People deeply committed to belief in man-made global warming form a cult that has “all the trappings of religion,” according to an Oct. 24 column on Realclearpolitics.com by Michael Barone. He is a leading political scientist, Fox news commentator, and resident fellow at the American Enterprise Institute.
He sees these similarities:
- Concept of original sin: Mankind is responsible for global warming and the disasters it will cause.
- Need for atonement and repentance in the form of carbon taxes or cap-and-trade system.
- Ritual such as the annual Earth Day and weekly recycling.
- Indulgences, where people can buy carbon offsets to avoid punishment for carbon-emission sins.
(Barone didn’t mention other parallels, such as priests and saints in the persons of Democratic politicians, journalists, and activists, or the intolerance that many warmers display toward nonbelievers. The religious nature of many liberal causes struck me 40 years ago, when I was a speechwriter in the electric power industry. I researched a talk then—never given—on the “religion” of environmentalism. A case can be made that doctrinaire liberalism as whole is a kind of religion.)
Corporate elitists, like General Electric’s Jeff Immelt, profess to share this faith, just as cynical Venetian merchants and prim Victorian bankers gave lip service to the religious enthusiasms of their days. Bad for business not to. And if you’re clever, you can figure out how to make money off it….
(T)he global warming clergy has preached apocalyptic doom—and is now facing an increasingly skeptical public. The idea that we can be so completely certain of climate change 70 to 90 years hence that we must inflict serious economic damage on ourselves in the meantime seems increasingly absurd….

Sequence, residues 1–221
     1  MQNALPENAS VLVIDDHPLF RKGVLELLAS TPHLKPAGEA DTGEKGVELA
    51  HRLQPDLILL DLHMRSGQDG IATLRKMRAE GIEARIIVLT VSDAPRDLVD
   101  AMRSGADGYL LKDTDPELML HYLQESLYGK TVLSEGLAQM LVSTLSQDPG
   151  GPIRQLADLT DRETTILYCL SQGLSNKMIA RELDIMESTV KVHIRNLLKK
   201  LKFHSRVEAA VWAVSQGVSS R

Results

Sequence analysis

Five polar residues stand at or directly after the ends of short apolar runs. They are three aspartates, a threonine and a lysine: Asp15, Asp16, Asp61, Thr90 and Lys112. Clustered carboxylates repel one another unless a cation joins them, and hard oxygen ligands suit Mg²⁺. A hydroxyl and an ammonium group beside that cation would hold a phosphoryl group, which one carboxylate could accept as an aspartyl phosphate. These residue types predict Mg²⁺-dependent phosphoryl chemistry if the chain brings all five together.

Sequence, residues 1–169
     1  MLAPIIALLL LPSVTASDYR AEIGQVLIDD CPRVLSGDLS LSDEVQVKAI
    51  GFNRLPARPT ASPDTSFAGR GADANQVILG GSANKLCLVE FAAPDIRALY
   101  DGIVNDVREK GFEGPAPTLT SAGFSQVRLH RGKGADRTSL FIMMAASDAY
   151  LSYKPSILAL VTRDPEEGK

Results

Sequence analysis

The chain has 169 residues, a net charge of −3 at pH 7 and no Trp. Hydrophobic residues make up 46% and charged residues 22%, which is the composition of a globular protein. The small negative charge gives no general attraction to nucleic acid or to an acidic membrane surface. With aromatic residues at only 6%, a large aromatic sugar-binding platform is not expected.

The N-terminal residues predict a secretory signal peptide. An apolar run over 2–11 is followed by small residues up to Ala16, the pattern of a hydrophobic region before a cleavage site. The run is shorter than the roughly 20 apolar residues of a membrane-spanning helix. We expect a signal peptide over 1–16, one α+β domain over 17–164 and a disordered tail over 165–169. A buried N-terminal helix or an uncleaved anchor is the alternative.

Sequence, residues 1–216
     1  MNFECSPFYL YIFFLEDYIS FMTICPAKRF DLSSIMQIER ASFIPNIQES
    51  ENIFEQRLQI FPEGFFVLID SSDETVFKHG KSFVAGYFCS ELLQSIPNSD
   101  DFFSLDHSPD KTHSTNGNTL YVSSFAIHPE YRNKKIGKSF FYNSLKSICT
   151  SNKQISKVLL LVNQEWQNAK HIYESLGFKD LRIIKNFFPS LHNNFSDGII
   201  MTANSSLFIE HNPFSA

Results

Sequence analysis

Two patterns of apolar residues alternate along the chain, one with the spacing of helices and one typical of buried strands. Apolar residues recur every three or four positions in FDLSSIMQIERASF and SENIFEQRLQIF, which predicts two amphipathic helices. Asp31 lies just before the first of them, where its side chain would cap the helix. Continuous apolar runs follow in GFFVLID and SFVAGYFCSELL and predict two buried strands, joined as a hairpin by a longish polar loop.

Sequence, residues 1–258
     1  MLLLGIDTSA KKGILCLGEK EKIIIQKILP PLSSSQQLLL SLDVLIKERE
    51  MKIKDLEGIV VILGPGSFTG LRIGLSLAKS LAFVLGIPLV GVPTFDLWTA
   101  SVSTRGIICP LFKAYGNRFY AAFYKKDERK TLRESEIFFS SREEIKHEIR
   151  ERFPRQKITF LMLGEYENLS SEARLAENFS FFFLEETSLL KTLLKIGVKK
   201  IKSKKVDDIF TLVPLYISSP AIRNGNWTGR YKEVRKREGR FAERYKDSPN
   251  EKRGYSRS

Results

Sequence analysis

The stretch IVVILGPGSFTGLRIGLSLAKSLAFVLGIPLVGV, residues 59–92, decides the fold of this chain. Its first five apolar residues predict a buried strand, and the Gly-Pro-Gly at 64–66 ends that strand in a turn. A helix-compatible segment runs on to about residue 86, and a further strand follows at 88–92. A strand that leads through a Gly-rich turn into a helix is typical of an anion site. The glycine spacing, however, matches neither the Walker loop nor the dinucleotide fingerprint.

“Skepticism has been increased by the actions of believers….Disclosure of the Climategate emails in November 2009 showed how the clerisy was willing to distort evidence and suppress dissenting views in the interest of propagation of the faith….
“In recent years, we have seen how negative to 2 percent growth hurts many, many people, as compared to what happens with 3 to 7 percent growth. So we’re much less willing to adopt policies that will slow down growth not just for a few years but for the indefinite future.”
The crushing economic burden that the warming faith would impose on the world is elaborated in an unsigned Oct. 25 Wall Street Journal article online titled “The Post Global Warming World: Moving on from Climate Virtue” (available only to subscribers). The article says “the cost of meeting (the European Union’s) current carbon emissions targets—a cut of at least 20% of 1990 emissions levels by 2020—comes to at least €48 billion ($67 billion) per year.”
The Wall Street Journal article concludes:
The science on climate change and man’s influence on it is far from settled. The question today is whether it makes sense to combat a potential climate threat by imposing economically destructive regulations and sinking billions into failure-prone technologies that have their own environmental costs. The earnest people going to (the United Nations annual climate-change conference next month in Durban, South Africa) may think so. The rest of the world is wearier and wiser.